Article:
JACKSON, Miss. – Will 2014 be the year that Mississippi pulls out of the national Common Core experiment?
That’s one of the questions observers are asking as Mississippi lawmakers get ready to start the new legislative session on Tuesday.
Opponents of the one-size-fits-all math and English learning standards – which “bleed” over into other subject areas as well – have been gearing up for this repeal fight for the past year. They’re planning a Tuesday morning rally on the steps of the Capitol as a way of highlighting the need for action, the Associated Press reports.
Common Core critics believe the standards are a back-door attempt by the federal government to exert control over what gets taught in the nation’s K-12 schools. Critics also worry that students’ most personal and sensitive information will be collected through Common Core testing and shared with D.C. bureaucrats and for-profit K-12 technology companies.
But despite all their organizing and information-sharing efforts, it appears too many powerful legislators still support Common Core, including the chairmen of both the House and Senate education committees. Those lawmakers represent a major obstacle for Common Core opponents, as they can bottle up any legislation they don’t support.
And even if a repeal makes it through the Legislature, it might not get past Gov. Phil Bryant’s desk. The AP reports that Bryant remains in favor of the nationalized learning standards, which schools have been slowly implementing over the past three years.
“I don’t see anything happening with (a repeal effort),” Republican House Education Committee Chairman John Moore, a Common Core supporter, told the AP. “The transition is too far down the line. We have a lot of districts that have been working on Common Core for three years.”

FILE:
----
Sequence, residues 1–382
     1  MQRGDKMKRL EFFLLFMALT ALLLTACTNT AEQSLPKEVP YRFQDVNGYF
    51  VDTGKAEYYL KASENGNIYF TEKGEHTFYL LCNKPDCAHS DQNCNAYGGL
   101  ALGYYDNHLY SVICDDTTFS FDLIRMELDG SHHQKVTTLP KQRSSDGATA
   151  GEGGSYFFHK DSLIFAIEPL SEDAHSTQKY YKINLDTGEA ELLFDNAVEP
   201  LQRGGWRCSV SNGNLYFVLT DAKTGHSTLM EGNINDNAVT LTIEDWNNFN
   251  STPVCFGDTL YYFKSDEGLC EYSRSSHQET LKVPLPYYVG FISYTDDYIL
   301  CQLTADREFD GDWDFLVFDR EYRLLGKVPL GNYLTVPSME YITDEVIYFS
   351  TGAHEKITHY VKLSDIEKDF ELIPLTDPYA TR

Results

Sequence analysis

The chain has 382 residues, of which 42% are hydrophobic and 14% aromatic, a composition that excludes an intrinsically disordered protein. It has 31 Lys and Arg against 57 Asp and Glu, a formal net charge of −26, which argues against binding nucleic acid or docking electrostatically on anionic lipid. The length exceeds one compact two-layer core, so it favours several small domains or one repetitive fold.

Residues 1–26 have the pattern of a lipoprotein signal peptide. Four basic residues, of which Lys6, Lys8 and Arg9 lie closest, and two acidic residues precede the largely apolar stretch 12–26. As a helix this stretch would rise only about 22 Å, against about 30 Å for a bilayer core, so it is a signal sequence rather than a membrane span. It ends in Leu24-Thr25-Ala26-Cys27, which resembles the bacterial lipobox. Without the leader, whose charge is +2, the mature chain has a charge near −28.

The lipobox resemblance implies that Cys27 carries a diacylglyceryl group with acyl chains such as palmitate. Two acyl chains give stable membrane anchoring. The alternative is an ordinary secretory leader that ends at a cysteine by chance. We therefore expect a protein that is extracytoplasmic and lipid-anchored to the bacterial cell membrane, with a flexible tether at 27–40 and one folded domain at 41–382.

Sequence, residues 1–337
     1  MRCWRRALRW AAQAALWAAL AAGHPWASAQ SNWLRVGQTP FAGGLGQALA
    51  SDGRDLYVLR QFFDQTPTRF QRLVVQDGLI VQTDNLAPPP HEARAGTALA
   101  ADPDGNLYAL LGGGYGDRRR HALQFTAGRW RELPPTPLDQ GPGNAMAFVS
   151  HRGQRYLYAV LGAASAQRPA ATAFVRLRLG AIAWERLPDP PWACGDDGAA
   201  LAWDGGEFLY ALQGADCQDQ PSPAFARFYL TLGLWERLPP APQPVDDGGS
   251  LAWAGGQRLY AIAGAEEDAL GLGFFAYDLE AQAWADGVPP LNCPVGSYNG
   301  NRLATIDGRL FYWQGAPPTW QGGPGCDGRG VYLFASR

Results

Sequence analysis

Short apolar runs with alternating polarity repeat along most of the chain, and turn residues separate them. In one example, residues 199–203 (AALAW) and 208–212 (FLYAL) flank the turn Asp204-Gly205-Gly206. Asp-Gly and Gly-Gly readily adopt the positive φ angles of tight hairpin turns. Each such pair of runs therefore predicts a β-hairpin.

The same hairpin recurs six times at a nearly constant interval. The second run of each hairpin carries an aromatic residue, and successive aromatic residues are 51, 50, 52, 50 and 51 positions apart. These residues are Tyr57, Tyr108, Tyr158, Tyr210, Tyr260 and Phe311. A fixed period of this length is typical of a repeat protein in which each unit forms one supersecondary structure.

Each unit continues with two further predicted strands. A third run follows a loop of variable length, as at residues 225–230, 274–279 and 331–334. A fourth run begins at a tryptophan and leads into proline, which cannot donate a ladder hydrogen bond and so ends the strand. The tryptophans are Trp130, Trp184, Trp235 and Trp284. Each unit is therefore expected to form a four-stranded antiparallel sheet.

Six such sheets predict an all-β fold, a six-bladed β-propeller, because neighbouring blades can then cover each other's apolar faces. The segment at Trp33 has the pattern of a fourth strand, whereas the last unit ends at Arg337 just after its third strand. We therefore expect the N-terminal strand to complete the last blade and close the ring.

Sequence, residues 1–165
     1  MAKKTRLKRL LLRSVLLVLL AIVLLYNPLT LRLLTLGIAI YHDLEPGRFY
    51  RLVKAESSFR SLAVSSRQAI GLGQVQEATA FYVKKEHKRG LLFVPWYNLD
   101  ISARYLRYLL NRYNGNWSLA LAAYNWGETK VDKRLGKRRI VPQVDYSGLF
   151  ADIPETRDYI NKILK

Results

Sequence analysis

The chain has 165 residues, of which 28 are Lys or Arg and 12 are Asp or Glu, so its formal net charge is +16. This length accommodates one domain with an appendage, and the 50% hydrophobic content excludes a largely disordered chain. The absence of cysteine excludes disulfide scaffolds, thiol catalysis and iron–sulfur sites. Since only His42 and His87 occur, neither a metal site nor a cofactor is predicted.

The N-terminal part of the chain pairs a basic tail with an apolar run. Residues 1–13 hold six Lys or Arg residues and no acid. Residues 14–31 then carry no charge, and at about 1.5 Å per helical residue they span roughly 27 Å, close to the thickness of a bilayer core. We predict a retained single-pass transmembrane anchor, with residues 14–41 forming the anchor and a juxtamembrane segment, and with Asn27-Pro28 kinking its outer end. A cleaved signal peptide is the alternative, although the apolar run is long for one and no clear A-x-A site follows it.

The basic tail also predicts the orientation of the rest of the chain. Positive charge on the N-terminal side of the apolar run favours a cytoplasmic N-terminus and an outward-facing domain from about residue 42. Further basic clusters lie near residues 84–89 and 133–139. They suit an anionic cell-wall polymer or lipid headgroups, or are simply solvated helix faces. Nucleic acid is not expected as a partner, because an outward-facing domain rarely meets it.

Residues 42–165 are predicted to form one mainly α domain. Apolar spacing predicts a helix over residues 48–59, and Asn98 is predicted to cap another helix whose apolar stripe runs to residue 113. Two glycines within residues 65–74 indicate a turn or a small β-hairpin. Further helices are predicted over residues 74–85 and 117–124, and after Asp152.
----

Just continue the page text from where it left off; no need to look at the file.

That doesn’t mean Common Core opponents are without options. The AP notes “it might be possible to amend the (state) budget to bar spending on” Common Core-related tests. Such an action would surely throw a huge wrench into the Common Core plan.
The problem is that it would likely require lawmakers to commission a new, state-specific standardized test — and that would be a costly and time-consuming proposition.
Common Core opponents’ best option might be to pressure legislative leaders into taking the principles outlined in Gov. Bryant’s recent executive order and turning them into a new state law. Among other things, Bryant’s executive order prohibits the feds from exerting any control over Mississippi schools’ curricula and testing, and it guarantees that students’ privacy rights will be protected.
Chairman Moore has suggested such a bill might meet his approval.
But those are consolation prizes, and Common Core critics don’t appear ready to consider a “Plan B” until they try for an outright repeal. It should make for an interesting couple of months in Mississippi.
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